“Innovation doesn’t happen in a vacuum” and it doesn’t happen by accident either.
Most innovation results from an orderly process designed to overcome long-standing problems. Typically some entrepreneur decides to ‘tackle’ what otherwise might seem impossible to others. While the idea may start with a single person, the most innovative efforts are usually refined by groups of talented individuals working as teams. It takes a lot of work to produce the ‘next best thing’. Rogier van der Heide’s quote actually reads, “Innovation doesn’t happen in a vacuum. You’re never alone. No one has the key just by himself.”
So my first question is, “are you on a team”, or are you ‘on your own’ in your innovations?
For years the running joke was about the man who could ‘build a better mouse trap’. I always thought that to be funny because most of the time I saw mouse traps that had been put out that hadn’t done the job they were designed for. Of course, sooner or later, one of the mouse traps worked, but my point is that if the ‘mouse trap’ was such a great design, why didn’t it work the first time, every time? Today we have ‘innovative’ mouse-trap designs, thought to be ‘less cruel’ to the animal. In reality they are probably more cruel because they trap rather than swiftly kill the mouse, but more importantly they don’t ‘give up the cheese’ the way that the older designed traps did so much of the time. I wonder just how many mice are starving with the new designs as opposed to the older ‘snap trap’. Still the same someone at least thought they had a better way, an innovation in the ‘mouse trap.’
So my second question is, “do you amplify worthy ideas”, or do you take the stand that “there is no such thing as a better mouse trap”?
The philosopher Friedrich Nietzsche said, “What doesn’t kill you makes you stronger.” The apostle Paul in (Romans 5:3) wrote, "And not only that, but let us exult while in tribulations, since we know that tribulation produces endurance". Innovation doesn’t come without trial and error, and tribulation. As such you must develop processes to ensure that you learn from failures as well as successes. Accordingly you must be ready to meaningfully measure impact, establish quantitative measures that will guide the final solution.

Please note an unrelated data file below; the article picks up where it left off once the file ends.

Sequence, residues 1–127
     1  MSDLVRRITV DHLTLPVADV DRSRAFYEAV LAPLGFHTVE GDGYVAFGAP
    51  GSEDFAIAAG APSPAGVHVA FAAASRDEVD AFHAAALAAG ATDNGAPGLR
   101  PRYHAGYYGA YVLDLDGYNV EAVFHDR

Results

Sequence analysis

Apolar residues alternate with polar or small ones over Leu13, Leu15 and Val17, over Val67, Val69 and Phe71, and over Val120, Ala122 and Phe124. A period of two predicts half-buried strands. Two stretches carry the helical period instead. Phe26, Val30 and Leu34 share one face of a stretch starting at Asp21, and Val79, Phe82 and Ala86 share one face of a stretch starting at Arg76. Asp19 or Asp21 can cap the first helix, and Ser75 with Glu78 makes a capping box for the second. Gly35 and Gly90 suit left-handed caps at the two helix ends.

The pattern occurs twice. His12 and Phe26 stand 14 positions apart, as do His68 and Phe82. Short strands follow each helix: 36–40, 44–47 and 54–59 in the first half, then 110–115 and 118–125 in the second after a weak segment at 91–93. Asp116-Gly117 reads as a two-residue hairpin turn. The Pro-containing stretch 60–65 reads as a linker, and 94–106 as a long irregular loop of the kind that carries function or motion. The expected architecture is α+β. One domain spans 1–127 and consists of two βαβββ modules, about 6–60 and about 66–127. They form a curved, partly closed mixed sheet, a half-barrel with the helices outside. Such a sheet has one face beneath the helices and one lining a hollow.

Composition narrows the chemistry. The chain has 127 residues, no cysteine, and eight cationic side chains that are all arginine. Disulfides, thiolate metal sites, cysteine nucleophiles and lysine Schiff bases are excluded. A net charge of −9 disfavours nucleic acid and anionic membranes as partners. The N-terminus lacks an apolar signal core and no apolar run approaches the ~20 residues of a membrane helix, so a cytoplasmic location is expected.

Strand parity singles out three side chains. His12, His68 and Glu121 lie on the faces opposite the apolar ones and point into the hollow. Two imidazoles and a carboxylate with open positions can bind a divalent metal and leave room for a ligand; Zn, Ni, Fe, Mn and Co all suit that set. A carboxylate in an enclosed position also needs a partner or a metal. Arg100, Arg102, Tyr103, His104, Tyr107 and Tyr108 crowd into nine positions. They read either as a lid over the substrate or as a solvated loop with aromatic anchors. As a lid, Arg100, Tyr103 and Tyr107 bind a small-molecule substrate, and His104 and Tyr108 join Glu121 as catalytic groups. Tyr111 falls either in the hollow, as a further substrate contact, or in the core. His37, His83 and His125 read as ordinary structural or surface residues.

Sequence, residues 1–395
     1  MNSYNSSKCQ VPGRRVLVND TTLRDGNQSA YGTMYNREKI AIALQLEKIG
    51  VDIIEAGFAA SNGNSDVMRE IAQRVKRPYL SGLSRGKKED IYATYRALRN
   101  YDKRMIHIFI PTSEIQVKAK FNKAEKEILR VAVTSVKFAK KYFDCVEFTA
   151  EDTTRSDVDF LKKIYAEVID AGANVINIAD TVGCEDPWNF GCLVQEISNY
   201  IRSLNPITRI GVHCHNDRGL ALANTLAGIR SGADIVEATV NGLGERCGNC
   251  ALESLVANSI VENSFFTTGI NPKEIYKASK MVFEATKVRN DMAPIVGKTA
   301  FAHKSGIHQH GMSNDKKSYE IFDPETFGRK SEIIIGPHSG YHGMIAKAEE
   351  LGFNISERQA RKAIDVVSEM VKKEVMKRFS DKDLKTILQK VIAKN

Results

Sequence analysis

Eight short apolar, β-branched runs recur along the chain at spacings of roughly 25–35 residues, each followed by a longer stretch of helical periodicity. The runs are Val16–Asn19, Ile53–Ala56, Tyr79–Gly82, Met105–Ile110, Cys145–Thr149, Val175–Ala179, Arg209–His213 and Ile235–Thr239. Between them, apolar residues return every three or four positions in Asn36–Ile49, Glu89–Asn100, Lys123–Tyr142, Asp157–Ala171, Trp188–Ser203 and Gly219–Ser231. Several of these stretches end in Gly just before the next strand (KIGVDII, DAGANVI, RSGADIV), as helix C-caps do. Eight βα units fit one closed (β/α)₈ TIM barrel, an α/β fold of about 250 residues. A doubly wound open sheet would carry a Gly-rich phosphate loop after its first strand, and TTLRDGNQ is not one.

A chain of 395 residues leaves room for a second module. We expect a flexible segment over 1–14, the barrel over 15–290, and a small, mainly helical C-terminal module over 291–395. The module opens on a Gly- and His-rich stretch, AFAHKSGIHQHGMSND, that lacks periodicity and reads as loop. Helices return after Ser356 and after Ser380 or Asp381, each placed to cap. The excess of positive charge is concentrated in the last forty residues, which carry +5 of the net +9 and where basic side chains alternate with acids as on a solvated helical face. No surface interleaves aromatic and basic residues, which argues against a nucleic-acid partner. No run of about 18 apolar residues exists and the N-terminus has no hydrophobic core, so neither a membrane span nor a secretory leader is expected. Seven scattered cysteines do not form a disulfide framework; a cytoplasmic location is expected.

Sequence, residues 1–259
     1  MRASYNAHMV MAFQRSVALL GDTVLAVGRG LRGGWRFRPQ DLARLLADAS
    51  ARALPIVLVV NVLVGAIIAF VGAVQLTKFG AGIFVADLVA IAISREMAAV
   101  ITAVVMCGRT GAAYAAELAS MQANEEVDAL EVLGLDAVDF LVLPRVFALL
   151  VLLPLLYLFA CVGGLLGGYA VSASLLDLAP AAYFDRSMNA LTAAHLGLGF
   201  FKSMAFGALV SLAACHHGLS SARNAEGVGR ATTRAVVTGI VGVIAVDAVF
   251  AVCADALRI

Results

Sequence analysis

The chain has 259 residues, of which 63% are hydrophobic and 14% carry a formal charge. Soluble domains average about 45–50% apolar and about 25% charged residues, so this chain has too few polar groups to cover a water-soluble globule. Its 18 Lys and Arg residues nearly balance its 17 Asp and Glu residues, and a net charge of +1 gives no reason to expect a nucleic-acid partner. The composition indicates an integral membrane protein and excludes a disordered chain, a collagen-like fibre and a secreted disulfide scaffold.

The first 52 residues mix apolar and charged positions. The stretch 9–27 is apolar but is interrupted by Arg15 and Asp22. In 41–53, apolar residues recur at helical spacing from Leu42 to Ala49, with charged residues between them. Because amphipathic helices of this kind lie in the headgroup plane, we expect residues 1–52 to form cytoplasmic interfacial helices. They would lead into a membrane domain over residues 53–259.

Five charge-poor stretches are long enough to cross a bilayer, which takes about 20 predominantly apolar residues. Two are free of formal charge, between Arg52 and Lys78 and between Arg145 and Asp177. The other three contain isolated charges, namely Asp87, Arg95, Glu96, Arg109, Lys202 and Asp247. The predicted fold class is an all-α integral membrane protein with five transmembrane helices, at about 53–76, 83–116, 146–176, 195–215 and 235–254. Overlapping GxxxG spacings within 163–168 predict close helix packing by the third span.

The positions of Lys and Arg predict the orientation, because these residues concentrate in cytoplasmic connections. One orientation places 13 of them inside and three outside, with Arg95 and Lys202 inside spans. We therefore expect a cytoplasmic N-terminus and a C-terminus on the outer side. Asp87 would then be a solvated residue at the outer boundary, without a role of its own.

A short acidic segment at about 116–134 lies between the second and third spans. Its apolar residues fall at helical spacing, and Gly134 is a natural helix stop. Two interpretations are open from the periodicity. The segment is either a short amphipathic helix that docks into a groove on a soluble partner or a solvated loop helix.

As a part of this you must measure the ‘if you should’ against the ‘if you can’. Not every innovation is always for the better. Jeff Goldblum’s character in Jurassic Park says this best, “you were so busy seeing ‘if you could’ you didn’t stop to think ‘if you should’!” Case in point, in 1985 Coca-Cola introduced ‘New Coke’, replacing its long-standing original coke formula; executives and marketers alike thought it was ‘time’ for an innovation in the soft drink. The result was a disaster, loyal Coca-Cola fans screamed, shouted, boycotted, and after just a few months the original recipe was back on the market.
So my third and final question is, “are you learning from your mistakes” and working toward an innovation that ‘you should’, rather than attempt to simply see if you can produce something innovative?
It doesn’t matter what your small business, leadership role, or position is, we all need an innovative spirit in what we do. Whether you are a manufacturer trying to build the ‘next best’, or a QuickBooks ProAdvisor attempting to provide ‘the most innovative level of service possible to your clients’, we all should strive to make innovation a reality in the “high calling of our daily work1.”
1 – the “high calling of our daily work” is the catch phrase of The High Calling, the Laity Lodge and the H.E. Butt Family Foundation, 719 Earl Garrett Street, Kerrville, TX 78028.